This may come as a shock to some of you, but I thought Jeff “The Hornet” Horn won that fight Saturday night in Brisbane, Australia. And I was rooting for Manny.

From what I’ve read and heard since the fight, I’m clearly in the minority. Most of the boxing luminaries gave Manny Pacquiao the nod in a close fight. That doesn’t include ESPN boxing analyst Teddy Atlas, who thought Pacquiao won by a wide margin and then went on a tantrum over the judges’ unanimous decision for Horn (more on that later).

Freddie Roach, Pacquiao’s trainer, probably spoke for a lot of fight fans (but not Atlas) when asked about the decision that gave Horn the WBO world welterweight title.

“I thought Manny won, but Jeff Horn showed a lot of heart," he said. "He is a big, strong fighter and I congratulate him.”

And then there was this from Bob Arum, Pacquiao’s promoter: “It was a close fight that could have gone either way.”

(Are you paying attention, Teddy?)

Maybe if I was sitting at ringside I would have agreed with them, but from where I sat in my living room, it was a very close fight, a difficult fight to score in that there was a lot of infighting, which made it hard to see at times if the punches were landing or being partially blocked.

What it was not was a robbery, or as Atlas put it, “a gift to Horn from the judges.”

Now don’t get me wrong, I don’t have any score to settle with Atlas. I like Teddy and I respect his boxing expertise, even though he sometimes gets carried away with his convictions as he did Saturday night.

Rarely have I disagreed with his scoring of fights, which is why I was a little in shock when his broadcasting partner Joe Tessitore informed us after the sixth round that Atlas had Pacquiao winning the fight, five rounds to one.

Whoa, I said to myself. Did I hear that right? Five to one? I had Horn ahead, 58-56, which in rounds is 4-2.

I was already puzzled as to why Pacquiao was having so much trouble getting to Horn. I thought this would be an easy fight for Manny. Now here comes Teddy telling me Pacquiao is ahead by a whopping 5-1 score. What’s going on here?

Was it me? Was I not paying attention? Or was Teddy seeing a different fight than I was? It was a little disturbing for this aging sportswriter.

Meanwhile, Atlas was telling us that Horn was leaving himself wide open for counter punches with his Billy goat charges and wide punches.

That made sense, except that Manny wasn’t landing a lot of those counter punches. He seemed hesitant and was missing a lot when he did throw them. Why isn’t he doing, I thought, what Atlas says he’s doing?

And then it dawned on me. Pacquiao is not a counter puncher. Oh, he knows how to counter and does, but that’s not his game. It’s not what made him an eight-division world champion. His game is and always has been offense, attacking with those rapid-fire combinations from all directions. Hand and foot speed, that’s what made him great.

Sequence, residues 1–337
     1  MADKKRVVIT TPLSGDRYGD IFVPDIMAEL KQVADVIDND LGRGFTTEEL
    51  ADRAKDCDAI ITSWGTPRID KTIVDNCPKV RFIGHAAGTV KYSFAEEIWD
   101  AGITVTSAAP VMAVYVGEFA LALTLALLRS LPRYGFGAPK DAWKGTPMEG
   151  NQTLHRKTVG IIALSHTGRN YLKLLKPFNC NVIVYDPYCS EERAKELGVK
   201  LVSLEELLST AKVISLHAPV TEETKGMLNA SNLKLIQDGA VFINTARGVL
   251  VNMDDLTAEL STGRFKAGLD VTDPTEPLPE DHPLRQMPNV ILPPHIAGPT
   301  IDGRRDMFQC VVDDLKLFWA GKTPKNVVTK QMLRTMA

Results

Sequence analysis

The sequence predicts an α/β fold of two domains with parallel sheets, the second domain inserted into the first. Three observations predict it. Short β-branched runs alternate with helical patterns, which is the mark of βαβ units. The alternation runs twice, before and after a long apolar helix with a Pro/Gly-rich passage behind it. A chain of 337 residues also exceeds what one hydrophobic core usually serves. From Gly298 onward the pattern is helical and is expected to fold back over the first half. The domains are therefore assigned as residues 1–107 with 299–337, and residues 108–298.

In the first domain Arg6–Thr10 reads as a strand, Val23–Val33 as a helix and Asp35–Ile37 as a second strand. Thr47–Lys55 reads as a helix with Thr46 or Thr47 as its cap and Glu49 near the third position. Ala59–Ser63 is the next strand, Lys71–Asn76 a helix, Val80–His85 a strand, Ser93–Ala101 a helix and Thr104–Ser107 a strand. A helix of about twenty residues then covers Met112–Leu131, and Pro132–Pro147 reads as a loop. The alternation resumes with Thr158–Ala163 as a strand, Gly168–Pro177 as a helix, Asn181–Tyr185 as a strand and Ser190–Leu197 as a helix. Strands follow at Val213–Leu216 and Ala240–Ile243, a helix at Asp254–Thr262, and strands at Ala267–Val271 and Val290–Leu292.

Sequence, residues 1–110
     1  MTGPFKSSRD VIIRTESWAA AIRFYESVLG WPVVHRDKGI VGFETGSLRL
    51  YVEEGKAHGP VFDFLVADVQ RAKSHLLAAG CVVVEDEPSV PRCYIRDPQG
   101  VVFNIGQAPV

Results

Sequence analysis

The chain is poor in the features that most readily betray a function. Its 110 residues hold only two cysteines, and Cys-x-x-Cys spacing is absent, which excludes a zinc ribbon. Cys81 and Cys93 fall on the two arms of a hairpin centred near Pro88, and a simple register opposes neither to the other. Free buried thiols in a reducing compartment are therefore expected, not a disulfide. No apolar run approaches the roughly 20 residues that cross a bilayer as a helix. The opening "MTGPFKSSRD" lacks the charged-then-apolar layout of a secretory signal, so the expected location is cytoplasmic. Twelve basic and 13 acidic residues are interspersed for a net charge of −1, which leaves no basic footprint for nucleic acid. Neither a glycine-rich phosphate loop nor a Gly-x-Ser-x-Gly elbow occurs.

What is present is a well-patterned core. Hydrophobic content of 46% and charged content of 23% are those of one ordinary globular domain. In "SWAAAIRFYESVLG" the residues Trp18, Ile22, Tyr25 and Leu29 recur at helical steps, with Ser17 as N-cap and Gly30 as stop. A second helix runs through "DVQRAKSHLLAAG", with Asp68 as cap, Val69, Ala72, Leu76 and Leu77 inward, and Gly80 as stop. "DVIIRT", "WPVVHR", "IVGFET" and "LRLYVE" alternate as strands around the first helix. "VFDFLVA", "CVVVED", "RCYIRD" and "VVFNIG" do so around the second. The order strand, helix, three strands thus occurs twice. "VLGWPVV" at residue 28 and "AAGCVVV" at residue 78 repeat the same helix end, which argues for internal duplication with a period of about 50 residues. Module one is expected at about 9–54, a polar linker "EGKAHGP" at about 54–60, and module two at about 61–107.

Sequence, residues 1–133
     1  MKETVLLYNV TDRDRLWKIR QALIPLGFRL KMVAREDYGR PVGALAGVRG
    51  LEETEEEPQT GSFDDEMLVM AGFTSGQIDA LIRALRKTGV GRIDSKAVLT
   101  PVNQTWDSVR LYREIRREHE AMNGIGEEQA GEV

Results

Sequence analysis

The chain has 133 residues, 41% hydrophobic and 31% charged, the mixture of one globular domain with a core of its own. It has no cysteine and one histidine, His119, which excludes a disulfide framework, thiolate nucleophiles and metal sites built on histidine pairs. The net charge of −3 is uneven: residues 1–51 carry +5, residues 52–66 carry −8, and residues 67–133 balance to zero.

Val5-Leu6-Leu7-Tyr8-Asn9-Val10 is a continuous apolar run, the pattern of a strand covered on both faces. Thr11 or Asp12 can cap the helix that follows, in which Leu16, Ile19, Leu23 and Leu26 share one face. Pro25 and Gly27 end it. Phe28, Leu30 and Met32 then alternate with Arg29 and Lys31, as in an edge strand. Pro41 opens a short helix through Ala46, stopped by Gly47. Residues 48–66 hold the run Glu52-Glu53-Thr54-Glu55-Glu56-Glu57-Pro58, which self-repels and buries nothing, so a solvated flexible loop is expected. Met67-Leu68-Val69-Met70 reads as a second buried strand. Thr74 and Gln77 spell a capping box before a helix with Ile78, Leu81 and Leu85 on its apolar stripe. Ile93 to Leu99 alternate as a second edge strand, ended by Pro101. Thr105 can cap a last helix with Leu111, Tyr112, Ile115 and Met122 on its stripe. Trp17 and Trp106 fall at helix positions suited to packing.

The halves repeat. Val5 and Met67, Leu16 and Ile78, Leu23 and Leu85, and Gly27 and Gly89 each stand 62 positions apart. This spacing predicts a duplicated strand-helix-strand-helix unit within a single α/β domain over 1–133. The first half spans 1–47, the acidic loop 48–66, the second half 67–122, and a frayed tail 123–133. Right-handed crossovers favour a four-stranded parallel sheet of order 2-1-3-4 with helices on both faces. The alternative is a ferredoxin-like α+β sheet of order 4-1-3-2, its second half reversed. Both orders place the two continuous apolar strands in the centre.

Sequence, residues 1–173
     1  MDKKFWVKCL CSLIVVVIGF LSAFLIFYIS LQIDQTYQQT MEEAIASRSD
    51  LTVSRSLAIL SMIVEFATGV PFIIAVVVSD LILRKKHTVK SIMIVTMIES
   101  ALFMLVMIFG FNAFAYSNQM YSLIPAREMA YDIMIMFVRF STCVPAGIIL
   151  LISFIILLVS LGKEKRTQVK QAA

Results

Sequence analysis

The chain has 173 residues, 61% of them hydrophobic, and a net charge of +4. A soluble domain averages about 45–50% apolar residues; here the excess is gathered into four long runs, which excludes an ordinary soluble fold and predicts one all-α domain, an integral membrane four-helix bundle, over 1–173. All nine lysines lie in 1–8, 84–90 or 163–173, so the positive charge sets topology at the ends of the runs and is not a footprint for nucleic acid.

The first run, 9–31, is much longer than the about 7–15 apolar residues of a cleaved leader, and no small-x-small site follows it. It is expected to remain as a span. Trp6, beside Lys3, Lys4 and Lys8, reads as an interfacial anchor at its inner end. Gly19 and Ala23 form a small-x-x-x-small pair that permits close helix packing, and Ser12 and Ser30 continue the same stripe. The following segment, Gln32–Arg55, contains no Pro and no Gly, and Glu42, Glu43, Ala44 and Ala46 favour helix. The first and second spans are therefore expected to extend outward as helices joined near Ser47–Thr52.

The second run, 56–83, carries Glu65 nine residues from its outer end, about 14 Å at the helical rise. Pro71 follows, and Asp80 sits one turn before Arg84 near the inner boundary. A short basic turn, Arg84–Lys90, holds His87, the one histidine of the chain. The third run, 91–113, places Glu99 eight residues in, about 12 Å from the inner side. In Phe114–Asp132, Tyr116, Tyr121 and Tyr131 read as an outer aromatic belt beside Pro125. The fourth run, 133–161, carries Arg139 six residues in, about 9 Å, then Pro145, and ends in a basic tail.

And that’s what was missing Saturday night.

Always the gentleman, Pacquiao refused to blame the judges and would not claim victory, even with Atlas telling him he won.

“”That’s the decision of the judges,” said Manny. “I respect that. We have a rematch clause, so no problem.”

He has since supported a request from the Philippines Games and Amusement Board (GAB) to WBO president Francisco Valcarcel for a thorough review of the refereeing and judging of the fight. But that wasn’t his idea and I suspect he agreed to it out of respect for the Board.

For the record, two judges scored it 115-113, while the third went a little overboard with a 117-111 card, all for Horn. Atlas had it 116-111 for Pacquiao, while I called it, 115-114 for Horn.

Despite the slow start, Pacquiao almost pulled it out in the ninth round when he had Horn badly hurt early in the round. He was probably one clean shot away from victory, but couldn’t deliver it, either in that round or the next, which was won by Horn.

For maybe the first time in his boxing career, Pacquiao had punched himself out in that pivotal ninth round. He was shooting blanks over the last three rounds, while an exhausted but determined Horn just kept coming. Game, set, match.

How close was Pacquiao to victory in the ninth? At the end of the round referee Mark Wilson warned Horn that if he didn’t “show me something in the next round,” he would stop the fight.

When it was all over, both Horn and Pacquiao said they were game for a rematch.

“Bring it on,” said Horn.

“Absolutely,” said Pacquiao.

Maybe. Maybe they’ll fight again in the fall, and maybe Pacquiao, who has four of his last nine fights, will look great again and win back the title. And maybe I’ll hit the lottery.

There’s an old axiom in boxing about aging and how fighters can grow old over night. One day they’re still looking good, and the next they’re looking old.

Manny looked old Saturday night. 

Bob Hanna covers boxing for The Standard-Times. Email him at sports@s-t.com